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High Resolution Model Development

Collaboration ensures that the UK maintains its leading role in weather and climate research.

High-resolution forecast models are central to improving our forecast skill.

Kilometre and sub-kilometre scale versions of the Met Office Unified Model are a key component of the Met Office's forecast system, providing vital information about small-scale weather phenomena such as severe storms which may lead to flooding. To improve our forecasts we need to understand how processes in the atmosphere operate on these scales.

The details of convection and convective initiation, for example, often depend on small scale features. These fall into two categories - those associated with the surface topography (hills, coastlines etc) and those originating from larger scale structures in the atmosphere (fronts etc). The representation of both of these are improved if the model resolution is increased through having more detailed surface data and through having a higher resolution representation of the atmosphere itself. We are similarly interested in improving model representation of other weather elements such as wind, fog, clouds and surface temperatures.

The accuracy of forecasts can depend on the way we represent small-scale processes like convection and turbulence in the model. In order to understand and improve model representation of these small scale features we are working to improve key parts of the model, in particular the convective, boundary layer, turbulence and microphysics parametrizations. In order to understand the effects of changing these parts of the model we carry out case study work i.e. rerunning particular cases of interest with a view to understanding the model performance.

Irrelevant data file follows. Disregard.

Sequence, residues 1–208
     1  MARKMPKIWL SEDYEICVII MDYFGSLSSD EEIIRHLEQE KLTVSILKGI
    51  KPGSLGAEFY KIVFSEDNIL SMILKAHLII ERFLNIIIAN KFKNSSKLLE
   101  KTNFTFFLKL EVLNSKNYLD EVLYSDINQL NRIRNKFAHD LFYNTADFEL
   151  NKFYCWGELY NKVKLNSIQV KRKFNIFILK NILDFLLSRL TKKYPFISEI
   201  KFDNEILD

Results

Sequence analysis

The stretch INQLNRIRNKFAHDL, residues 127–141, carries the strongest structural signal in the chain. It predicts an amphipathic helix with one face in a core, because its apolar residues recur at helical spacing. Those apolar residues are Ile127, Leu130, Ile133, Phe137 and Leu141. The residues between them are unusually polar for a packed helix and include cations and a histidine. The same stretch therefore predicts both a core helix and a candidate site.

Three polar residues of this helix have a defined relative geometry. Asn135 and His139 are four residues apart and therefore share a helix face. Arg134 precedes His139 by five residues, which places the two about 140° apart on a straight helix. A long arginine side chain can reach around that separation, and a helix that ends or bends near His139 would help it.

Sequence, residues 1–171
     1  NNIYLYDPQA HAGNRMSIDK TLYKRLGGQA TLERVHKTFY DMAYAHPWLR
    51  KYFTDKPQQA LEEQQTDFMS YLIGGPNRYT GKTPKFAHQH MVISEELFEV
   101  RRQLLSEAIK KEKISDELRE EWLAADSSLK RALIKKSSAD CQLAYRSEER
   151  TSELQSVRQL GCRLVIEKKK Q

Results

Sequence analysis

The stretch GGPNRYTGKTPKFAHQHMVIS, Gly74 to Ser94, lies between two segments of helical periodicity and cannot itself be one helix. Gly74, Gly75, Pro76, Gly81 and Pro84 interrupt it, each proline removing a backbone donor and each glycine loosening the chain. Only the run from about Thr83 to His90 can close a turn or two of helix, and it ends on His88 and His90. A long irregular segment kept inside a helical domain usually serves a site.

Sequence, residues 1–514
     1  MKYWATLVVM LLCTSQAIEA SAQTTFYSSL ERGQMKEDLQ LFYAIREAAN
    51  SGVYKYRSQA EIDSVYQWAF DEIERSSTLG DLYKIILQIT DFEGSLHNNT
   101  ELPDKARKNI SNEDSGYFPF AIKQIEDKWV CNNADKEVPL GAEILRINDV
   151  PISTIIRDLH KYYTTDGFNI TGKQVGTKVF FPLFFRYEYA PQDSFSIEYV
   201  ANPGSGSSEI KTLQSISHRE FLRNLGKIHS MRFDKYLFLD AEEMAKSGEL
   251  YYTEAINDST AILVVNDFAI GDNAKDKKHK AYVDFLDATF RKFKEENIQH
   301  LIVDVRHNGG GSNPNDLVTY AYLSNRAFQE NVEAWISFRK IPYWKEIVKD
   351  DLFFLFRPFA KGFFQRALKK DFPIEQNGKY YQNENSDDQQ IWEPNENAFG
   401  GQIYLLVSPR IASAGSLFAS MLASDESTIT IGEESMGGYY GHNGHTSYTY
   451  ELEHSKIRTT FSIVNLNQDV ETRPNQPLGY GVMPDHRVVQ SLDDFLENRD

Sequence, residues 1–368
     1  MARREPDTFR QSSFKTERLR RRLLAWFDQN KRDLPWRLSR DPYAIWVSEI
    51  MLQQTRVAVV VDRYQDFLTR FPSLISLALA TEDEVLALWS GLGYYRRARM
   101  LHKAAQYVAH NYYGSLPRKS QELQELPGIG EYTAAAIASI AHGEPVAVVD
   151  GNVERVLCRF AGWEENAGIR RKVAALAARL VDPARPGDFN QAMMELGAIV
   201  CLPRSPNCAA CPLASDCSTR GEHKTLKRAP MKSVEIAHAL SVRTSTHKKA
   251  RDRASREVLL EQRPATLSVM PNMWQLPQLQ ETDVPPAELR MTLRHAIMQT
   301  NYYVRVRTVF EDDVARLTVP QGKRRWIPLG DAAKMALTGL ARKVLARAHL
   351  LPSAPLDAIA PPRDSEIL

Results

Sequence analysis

Improvements to our high-resolution models also leads to improvements in our high-resolution ensemble forecasts, and we continue to work closely with the Ensemble Forecasting teams to understand predictability at the convective scale.

Key aims

  • Investigate and improve convection, boundary layer and mixing parametrizations with a view to improving the representation of convection in the Met Office Numerical Weather Prediction models model.

  • Work on higher resolution models (500 m grid length) with a view improving our understanding of the models at 1.5 km grid length and also for possible future operational implementation.

  • Investigate the representation of convection in the model in more extreme situations than usually found in the UK (e.g. supercells on the US Great Plains).

  • Investigate the potential benefits of coupling high resolution atmospheric models to ocean, wave and hydrology models.

  • Model other non-convective mesoscale phenomena at high resolution (e.g. drainage flows in valleys, fog etc.)

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